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Cora's Kids: Early Childhood Care and Education

Learning begins at birth, which is why United Way's approach to education takes a cradle-to-career perspective.

Social interaction, pre-literacy skills and vocabulary development occur in the earliest years of a child’s life, an all-too-brief window for opportunity to establish and improve these skills. With the right programs and interventions, we can eliminate the achievement gap and learning disparities between high- and low-income families.

The dawn of a new day for working families of preschool-aged children in Danbury has begun.

United Way of Western Connecticut (UWWC) has launched Cora’s Kids, a program to invest $1 million over the next 3-5 years to support new family childcare centers in Danbury.

Cora’s Kids will support the goals of the DanburyWORKS collaborative, which was awarded a $450,000 grant from the Boston Federal Reserve’s Working Cities Challenge, as well as the Bloomberg Philanthropies 2018Champion Cities Challenge (more details on these grants follow). Through Cora’s Kids, UWWC funding will complement the programs resulting from these funding opportunities. We will support the recruitment and licensing of new family childcare businesses and supporting current providers who are facing closure due to low enrollment because families can’t afford childcare. Our goal is to create hundreds of new childcare slots, dozens of new businesses, and allow families to continue to work and live in financially stable homes across Danbury.

Because babies and young children need TLC:

Are you interested in becoming a childcare provider, or know someone who is?
United Way's Cora's Kids program is looking for those interested in becoming licensed as a new home-based childcare buisness as part of a quality network of providers throughout the City of Danbury. Incentives for partners who keep tuition affordable for working households include: licensing assistance, business training, childcare set up with books, supplies and toys, and training in early childhood education.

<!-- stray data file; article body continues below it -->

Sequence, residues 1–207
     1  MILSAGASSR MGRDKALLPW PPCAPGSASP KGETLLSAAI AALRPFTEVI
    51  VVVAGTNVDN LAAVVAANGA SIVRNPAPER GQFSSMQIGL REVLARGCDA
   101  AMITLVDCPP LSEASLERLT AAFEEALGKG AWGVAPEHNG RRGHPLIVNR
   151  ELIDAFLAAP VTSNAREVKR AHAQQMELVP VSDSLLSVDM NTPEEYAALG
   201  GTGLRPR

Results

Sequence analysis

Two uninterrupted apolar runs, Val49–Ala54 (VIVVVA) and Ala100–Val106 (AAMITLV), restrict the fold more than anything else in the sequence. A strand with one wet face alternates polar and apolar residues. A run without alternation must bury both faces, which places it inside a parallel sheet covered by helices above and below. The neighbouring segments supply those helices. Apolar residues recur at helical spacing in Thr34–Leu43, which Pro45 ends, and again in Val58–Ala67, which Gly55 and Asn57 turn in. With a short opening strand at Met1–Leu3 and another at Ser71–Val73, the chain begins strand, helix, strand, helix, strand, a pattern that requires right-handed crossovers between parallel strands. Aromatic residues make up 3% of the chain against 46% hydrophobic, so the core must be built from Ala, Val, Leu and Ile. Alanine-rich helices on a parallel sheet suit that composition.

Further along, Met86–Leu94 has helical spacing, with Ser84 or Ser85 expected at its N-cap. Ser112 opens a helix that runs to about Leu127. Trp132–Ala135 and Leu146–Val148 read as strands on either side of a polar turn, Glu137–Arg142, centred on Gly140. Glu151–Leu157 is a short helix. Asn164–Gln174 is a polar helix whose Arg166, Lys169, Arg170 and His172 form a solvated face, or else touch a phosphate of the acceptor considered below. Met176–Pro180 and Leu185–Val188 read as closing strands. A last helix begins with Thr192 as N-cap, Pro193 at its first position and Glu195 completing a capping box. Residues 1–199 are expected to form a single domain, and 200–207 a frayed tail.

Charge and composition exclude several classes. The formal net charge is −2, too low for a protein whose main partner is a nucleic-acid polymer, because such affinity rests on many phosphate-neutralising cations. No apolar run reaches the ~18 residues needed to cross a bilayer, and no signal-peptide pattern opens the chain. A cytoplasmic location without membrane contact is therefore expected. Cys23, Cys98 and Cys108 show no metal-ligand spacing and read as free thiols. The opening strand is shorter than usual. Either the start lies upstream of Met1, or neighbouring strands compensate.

For more information, contact Elizabeth at 203-297-6738


The Value of Investing in Quality Childcare

Childcare is one of the largest expenses for families with preschool-aged children, accounting for more than 25% of a household budget on average, and why some parents might turn to unregulated or unlicensed childcare providers. The City of Danbury does not have an adequate number of childcare providers, and affordability for hard-working, struggling households keeps existing providers from being a viable solution for those families. Without regulation and oversight, well-meaning unlicensed daycare centers can become overpopulated and subsequently become dangerous environments for children.

Childcare providers play a critical role in the school-readiness of infants and toddlers:

  • Low-income children begin to fall behind in vocabulary development and other skills needed for school success as early as 18 months of age, according to The Campaign for Grade Level Reading.
  • Children in low-income homes hear fewer words each day, and by age two, are already behind their more affluent peers in listening, counting, and other essential skills.